Cecilia Smoglie, Buenos Aires, Argentina
Name: Cecilia Smoglie
Lives in: Buenos Aires, Argentina
Period in Germany: 1982 to 1984 and 1988 to 1990
Research institutions: Karlsruhe University; Karlsruhe Research Centre
Job: Director of the Energy Department at the Instituto Tecnológico de Buenos Aires (ITBA)
I was in Germany for several years – from 1982 to 1984 and again from 1988 to 1990. I completed my doctorate in mechanical engineering at Karlsruhe University and was then a visiting research fellow at the Karlsruhe Research Centre. My time there was partly funded by Argentina’s National Atomic Energy Commission (CNEA). On the basis of my experience in Germany, I was appointed as a development engineer for nuclear power stations by ABB Schweiz AG in 1990 and worked there for six years. Since 1996, I’ve been at the Instituto Tecnológico de Buenos Aires (ITBA), where I teach thermodynamics and heat transfer.
‘Germany is just wonderful’
I gained a huge amount from my time in Germany, both professionally and personally. Germans are nice, polite, reliable people and very good friends. The country is just wonderful, and there are a lot of positive things to discover and appreciate about its people. I can’t think of anything negative.
I see the biggest cultural differences between my home country and Germany in the way work is organised and in efficient time management. In Argentina, we have a more flexible approach to getting our work done. We’re also more likely to express our emotions. There are differences in the way children are brought up and in the way people keep – or break – rules, too. In most cases, German universities are much better than ours, though there are a few exceptions.
‘I’d like to prove that it’s possible and beneficial for research institutions in different countries to have a long-term relationship’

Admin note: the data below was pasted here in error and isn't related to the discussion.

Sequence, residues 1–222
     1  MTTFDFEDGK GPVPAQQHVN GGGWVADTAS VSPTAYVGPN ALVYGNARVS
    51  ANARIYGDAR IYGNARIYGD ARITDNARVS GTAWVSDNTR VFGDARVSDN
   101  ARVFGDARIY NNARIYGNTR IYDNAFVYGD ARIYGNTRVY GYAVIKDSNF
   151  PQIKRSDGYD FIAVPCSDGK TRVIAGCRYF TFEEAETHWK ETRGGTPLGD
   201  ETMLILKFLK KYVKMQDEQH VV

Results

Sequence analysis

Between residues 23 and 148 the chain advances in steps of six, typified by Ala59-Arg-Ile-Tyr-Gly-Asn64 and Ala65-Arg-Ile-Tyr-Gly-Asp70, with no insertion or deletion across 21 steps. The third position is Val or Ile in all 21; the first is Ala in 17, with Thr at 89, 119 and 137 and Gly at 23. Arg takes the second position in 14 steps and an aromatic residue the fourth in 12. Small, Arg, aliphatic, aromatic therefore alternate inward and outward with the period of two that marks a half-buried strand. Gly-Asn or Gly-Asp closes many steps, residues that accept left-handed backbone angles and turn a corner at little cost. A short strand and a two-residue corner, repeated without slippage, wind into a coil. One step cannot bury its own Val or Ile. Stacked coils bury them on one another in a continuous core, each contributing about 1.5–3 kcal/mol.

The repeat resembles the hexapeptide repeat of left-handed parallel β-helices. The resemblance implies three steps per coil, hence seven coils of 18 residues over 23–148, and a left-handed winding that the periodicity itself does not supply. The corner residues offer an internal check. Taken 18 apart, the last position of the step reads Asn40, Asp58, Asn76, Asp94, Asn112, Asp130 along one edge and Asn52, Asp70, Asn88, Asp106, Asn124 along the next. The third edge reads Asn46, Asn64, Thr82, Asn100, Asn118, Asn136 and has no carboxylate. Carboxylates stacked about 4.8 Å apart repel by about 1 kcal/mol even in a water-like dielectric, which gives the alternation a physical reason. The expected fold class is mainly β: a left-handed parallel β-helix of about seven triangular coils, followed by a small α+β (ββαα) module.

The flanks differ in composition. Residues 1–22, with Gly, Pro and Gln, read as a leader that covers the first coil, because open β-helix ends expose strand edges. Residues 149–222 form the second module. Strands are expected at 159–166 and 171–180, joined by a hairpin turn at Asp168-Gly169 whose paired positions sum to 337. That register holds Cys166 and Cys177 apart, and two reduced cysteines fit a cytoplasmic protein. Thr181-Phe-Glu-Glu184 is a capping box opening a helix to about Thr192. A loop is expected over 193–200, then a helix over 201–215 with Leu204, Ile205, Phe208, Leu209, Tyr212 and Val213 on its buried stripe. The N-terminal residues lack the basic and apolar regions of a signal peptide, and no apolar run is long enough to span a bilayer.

I was Director of the Mechanical Engineering department at the Instituto Tecnológico de Buenos Aires (ITBA) for 14 years. Since 2011, I’ve been Director of the Energy Department, where we have a growing cooperation arrangement with the Karlsruhe Institute of Technology (KIT), which was set up in 2009 as a merger between the Karlsruhe Research Centre and the University of Karlsruhe. We manage the following projects:
- Developing and validating fluid-structure interaction simulation techniques for small wind-turbine design
- Developing high-pressure electrolysis equipment for hydrogen production
- Setting up a dual Master’s course in energy technology
I’d love to use successful cooperation with KIT to prove that that it’s possible and beneficial for research institutions in different countries to have a long-term relationship.
In my view, sharing research internationally is extremely important as long as it helps ensure the quality and calibre of experiments and promotes development on both sides. Germany clearly has a leading part to play here.
‘I’m not a member of an alumni network, because unfortunately, I have very little time for new contacts’
Since 1990, when my time in Germany came to an end, I’ve been keeping up with personal friends and professional contacts. Gradually, we’ve developed a professional cooperation network, which keeps growing.
I know a few Germany-Alumni from Argentina and I’m in touch with Pablo Leslabay (ITBA), Sebastian Martijena (ITBA), Pablo Mosquera Michelson (currently with the Institute of Fluid Machinery at KIT) and Carla Allende (Chair of the KIT Alumni Club Argentina), among others. But I’m not a member of an alumni network, because unfortunately, I have very little time for new contacts.